/

1 in 6 women in Japan suffer workplace discrimination over pregnancy: survey

Kyodo

One in six working, pregnant women experienced discrimination, harassment or insensitivity because of it, research by a life insurance company showed Wednesday.

An online survey in June by IRRC Corp. of 500 women aged 20 to 40 found that 16 percent reported harassment from colleagues or bosses regarding their pregnancy, including remarks implying they should be dismissed.

When asked about their working environment, with multiple answers allowed, 43 percent said they were given no consideration such as exemption from hard work, and more than half said they continued to work over eight hours a day.

The results contradict efforts by the government to eradicate what is known in Japan as “maternity harassment” as part of its measures to empower women. Prime Minister Shinzo Abe has touted championing the female sector of the workforce as one pillar of his economic growth strategy.

Of the respondents, 52 percent were in full-time work when they became pregnant, while 33 percent were part timers, 8 percent were temporary staffers and 7 percent were contract employees.

On how they were harassed, with multiple answers allowed, 41 percent said they were talked to about being dismissed, followed by 30 percent who said they were spoken to inconsiderately and 13 percent saying they were assigned hard work or duties that had to be carried out while standing. Some responded that they were demoted or transferred.

Respondents cited colleagues or bosses as telling them it was burdensome to work with a woman expecting a baby, or that they should work as normal because morning sickness is not an illness. Some also reported people smoking nearby.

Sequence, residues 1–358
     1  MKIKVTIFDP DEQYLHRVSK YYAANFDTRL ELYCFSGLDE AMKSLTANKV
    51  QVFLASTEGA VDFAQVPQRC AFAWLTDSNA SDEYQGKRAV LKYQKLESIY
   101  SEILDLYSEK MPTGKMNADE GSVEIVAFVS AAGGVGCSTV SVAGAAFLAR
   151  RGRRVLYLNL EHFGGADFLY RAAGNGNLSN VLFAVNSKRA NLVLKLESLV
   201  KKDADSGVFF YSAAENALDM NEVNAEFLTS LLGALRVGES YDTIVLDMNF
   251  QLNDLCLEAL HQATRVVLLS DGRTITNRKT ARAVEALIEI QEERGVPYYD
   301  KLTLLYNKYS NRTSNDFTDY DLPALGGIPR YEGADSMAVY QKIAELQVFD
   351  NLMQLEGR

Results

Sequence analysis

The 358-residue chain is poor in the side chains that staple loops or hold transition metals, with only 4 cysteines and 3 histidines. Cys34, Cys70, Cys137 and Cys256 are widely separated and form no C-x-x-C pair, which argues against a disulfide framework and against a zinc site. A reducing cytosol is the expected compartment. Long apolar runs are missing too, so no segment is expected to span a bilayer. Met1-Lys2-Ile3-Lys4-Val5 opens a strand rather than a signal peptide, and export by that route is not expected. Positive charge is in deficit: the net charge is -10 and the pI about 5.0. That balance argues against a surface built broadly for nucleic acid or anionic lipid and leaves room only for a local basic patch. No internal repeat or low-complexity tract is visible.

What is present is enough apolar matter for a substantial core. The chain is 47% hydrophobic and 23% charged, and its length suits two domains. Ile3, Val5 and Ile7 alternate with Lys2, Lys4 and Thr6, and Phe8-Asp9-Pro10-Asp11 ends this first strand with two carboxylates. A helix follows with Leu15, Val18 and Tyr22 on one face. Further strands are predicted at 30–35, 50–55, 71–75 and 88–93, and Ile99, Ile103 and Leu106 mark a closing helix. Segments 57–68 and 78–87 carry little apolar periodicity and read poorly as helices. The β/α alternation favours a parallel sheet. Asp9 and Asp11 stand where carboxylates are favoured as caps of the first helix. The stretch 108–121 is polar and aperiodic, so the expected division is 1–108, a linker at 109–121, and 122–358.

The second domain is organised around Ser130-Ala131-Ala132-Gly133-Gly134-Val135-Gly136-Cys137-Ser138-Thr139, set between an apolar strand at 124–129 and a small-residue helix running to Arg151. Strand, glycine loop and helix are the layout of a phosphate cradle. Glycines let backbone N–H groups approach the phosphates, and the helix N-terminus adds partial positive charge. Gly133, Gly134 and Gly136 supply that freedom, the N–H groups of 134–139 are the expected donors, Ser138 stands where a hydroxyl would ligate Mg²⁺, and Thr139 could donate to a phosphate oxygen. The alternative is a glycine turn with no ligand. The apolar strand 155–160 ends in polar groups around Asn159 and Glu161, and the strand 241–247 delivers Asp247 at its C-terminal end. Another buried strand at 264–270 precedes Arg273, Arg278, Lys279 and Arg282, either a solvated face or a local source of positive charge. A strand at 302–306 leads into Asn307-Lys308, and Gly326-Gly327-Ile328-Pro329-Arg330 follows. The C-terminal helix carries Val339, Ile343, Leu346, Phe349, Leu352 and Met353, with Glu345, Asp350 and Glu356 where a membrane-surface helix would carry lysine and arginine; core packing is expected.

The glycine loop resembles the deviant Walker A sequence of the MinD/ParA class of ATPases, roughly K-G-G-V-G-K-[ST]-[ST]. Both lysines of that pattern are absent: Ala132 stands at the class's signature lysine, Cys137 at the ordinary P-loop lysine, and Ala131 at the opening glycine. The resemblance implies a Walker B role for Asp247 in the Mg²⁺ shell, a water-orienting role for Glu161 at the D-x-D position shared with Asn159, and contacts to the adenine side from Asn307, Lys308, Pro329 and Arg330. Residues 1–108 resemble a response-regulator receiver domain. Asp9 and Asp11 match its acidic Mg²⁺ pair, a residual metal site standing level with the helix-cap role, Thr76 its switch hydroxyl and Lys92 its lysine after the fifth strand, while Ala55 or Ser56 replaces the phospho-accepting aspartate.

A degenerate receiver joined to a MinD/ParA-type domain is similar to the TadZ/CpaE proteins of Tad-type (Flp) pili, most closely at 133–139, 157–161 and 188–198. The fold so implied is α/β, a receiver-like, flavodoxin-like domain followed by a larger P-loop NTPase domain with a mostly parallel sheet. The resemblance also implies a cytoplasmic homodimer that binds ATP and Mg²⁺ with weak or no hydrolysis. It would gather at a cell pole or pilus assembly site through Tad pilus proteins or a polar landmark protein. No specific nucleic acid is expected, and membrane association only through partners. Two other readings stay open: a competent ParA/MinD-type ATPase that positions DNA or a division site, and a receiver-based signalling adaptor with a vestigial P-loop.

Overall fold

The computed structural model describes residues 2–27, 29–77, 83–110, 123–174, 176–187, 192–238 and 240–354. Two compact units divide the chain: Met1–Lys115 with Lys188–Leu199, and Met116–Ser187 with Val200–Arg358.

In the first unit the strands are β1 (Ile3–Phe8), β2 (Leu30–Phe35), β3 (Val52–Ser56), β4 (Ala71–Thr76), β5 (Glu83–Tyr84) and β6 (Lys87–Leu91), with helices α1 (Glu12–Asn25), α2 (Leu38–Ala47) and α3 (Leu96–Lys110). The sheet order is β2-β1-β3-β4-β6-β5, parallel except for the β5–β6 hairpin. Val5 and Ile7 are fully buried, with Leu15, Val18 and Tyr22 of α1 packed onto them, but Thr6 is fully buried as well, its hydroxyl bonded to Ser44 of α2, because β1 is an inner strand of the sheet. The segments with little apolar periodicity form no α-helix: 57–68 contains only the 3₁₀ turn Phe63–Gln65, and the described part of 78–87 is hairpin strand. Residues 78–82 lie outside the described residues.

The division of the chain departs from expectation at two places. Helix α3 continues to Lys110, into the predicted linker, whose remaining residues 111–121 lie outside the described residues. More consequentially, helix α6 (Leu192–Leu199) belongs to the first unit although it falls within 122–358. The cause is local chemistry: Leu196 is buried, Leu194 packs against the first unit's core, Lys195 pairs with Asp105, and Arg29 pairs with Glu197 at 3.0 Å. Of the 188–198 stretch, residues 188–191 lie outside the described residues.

Kyoko Niimura, a lawyer specializing in maternity harassment cases said that women often fail to notice when they are victims of harassment and feel compelled to accept the situation.

Though only 16 percent said they had experienced harassment after becoming a parent, it is likely there are more cases in the workplace, she said.

“To prevent bullying and harassment, companies should establish and adopt policies in line with legal regulations related to bullying and harassment like those addressing sexual harassment,” she said.

She also suggested that firms should introduce consultation service and training sessions aimed at raising employees’ awareness of the issue and understanding of female workers’ needs.

She pointed out that many firms still refuse to renew contracts allowing female workers to return to the workplace after childbirth.

But since men, too, bear responsibilities for child care and elder care, she said, there is a need for greater flexibility for workers across the board.